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Angel Montero, researching the Hudson River and its health

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“When I was growing up, I was pretty much a city kid,” Angel Montero says. “To me the Hudson River didn’t have much of an impact. To me the Hudson River was that blue thing you see on the subway map.”

As a 25-year-old college student, Montero is engaged in science research that will help all of us better understand the Hudson and its health.

His work at CUNY Queens College is part of a collaboration with Riverkeeper that is exploring how our wastewater depletes the life in the waters around New York City and threatens our own health; how our sewage treatment systems can be improved, and how a city of 8 million people can learn to live next to a dynamic estuary and – we hope – allow it to thrive.

For Montero, the importance of clean water came into focus after the 2010 earthquake that devastated Haiti. Kerry Kennedy came to speak at Queens College, and pointed out that the most pressing need was not so much supplies like medicine, but clean water for survival. “Without clean water, mothers can’t cook for their children,” Montero said. “Without clean water you can’t function as a society. That hit me like a brick.”

Montero was inspired to work with Gregory O’Mullan, Ph.D., our longtime science partner at CUNY Queens. He assisted graduate student Brian Brigham in research at Piermont Marsh, and found beauty in the wildlife, the reeds, even the water and mud. “I thought, wow. If people don’t step up, these are the things that will be threatened. And these are the things that help us the most.”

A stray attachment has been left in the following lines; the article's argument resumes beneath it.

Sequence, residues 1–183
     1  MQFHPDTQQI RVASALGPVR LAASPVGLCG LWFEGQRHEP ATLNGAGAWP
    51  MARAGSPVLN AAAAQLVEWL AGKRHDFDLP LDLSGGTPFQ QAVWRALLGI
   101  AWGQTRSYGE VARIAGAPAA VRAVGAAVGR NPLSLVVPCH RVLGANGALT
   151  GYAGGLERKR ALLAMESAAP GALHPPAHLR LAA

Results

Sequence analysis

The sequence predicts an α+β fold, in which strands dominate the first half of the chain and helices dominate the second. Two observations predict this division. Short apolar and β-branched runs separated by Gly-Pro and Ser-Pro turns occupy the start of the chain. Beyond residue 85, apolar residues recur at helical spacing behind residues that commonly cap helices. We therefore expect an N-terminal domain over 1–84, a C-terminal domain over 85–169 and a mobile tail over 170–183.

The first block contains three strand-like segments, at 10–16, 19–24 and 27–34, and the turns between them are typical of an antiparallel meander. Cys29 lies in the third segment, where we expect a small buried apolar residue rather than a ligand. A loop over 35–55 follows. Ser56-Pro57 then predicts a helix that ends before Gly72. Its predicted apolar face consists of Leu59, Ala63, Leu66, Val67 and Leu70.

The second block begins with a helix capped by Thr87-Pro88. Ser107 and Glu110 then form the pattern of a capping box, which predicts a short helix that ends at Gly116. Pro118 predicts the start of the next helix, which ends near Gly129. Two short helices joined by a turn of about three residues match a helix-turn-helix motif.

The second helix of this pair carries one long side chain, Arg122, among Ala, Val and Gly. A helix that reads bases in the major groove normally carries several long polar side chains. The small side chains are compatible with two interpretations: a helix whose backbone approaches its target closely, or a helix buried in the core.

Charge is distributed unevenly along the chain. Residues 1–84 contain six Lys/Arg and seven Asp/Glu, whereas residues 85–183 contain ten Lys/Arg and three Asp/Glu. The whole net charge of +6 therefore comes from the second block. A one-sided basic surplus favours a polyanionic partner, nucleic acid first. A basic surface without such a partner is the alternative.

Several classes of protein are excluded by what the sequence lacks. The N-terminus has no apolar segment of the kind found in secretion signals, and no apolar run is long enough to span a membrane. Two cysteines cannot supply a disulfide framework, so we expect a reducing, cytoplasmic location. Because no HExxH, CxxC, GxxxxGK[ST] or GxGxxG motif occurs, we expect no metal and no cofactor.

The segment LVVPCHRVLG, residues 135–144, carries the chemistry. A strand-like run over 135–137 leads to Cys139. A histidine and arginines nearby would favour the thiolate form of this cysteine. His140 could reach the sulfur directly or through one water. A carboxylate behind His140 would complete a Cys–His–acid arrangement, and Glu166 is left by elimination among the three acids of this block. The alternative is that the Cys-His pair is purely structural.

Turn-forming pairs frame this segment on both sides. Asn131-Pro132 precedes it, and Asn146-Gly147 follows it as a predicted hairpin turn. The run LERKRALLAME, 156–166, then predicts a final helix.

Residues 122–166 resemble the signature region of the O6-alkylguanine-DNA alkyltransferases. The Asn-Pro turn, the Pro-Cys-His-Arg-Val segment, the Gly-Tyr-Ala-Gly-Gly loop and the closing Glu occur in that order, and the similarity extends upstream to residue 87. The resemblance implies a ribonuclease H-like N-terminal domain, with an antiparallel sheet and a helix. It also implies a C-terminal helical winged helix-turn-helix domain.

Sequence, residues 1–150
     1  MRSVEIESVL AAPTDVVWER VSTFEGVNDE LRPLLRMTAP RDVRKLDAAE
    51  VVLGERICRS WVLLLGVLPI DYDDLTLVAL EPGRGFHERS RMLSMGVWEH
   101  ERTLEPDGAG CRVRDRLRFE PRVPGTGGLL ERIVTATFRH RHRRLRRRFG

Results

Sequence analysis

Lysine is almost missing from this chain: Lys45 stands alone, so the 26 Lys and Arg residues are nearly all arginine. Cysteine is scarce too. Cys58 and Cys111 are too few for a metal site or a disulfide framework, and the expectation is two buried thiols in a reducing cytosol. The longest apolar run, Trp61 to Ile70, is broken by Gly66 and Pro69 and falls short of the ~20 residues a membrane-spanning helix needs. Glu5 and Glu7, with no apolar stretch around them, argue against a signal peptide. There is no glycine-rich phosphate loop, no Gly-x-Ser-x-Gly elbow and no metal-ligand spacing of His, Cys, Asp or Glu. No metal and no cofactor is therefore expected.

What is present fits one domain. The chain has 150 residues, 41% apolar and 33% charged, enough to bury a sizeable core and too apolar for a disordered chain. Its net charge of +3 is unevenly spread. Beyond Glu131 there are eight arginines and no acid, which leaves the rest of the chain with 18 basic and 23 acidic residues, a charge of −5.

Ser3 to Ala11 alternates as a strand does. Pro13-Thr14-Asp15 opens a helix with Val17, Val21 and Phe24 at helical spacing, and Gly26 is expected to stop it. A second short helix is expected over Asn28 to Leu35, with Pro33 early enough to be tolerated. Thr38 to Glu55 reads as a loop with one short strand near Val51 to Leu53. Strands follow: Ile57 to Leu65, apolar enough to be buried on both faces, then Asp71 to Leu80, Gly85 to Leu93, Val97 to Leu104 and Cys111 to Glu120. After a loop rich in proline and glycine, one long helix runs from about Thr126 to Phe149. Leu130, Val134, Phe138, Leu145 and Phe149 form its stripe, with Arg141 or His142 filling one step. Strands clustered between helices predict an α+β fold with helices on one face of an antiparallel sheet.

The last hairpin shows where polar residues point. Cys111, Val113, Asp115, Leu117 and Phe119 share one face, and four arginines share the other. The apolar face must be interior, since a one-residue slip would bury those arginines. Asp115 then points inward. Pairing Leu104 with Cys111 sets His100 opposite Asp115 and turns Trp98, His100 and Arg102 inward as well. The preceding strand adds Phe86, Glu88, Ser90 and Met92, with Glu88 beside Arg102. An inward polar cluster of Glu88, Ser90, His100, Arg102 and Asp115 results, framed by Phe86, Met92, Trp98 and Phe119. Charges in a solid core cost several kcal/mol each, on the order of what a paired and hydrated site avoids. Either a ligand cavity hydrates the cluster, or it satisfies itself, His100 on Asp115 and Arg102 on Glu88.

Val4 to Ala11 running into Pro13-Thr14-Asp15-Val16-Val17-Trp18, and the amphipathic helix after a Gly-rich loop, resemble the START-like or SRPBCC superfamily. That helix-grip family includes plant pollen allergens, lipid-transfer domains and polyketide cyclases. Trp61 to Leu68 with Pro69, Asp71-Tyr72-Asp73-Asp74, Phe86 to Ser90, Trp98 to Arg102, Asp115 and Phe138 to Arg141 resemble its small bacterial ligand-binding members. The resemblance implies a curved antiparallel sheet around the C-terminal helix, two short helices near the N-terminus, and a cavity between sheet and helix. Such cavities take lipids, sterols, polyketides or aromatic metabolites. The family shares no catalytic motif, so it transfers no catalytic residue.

Field work has given him a sense of the human impacts on the Hudson; the contrast between the natural areas upriver and the degradation of the waters around NYC. He has traveled the estuary on Riverkeeper’s patrol boat, assisting water quality research. Last summer he helped Riverkeeper and CUNY Queens begin new research along the streams feeding the East River from the Bronx and Queens. These samples have expanded a Riverkeeper water quality database monitoring locations in New York City and the Hudson Valley for pathogens. He also tests the water for levels of dissolved oxygen – another important measure of the waterway’s health, because low oxygen means death for aquatic life.

Montero’s smile and his energy do not let up. And it’s been tested – like the 100-degree day he spent with us on the East River, testing water for bacteria and oxygen levels at dozens of locations, some horribly polluted.

“Angel was at full RPM when we started, and full RPM when we quit,” Riverkeeper’s Captain John Lipscomb said. “No matter what we ask, the answer is always an enthusiastic yes. He’s got a ready smile, and he’s got great spirit.”

The work only makes him more determined to do what he can, Montero says.

“The more evidence we have, the more government management and organizations will listen.”

Read more:

Exploring polluted NYC waterways: ‘You have to decide, I’m going to do what I can’

On patrol in some of NYC’s most troubled waters

More photos:

East River Tributaries, July 2016

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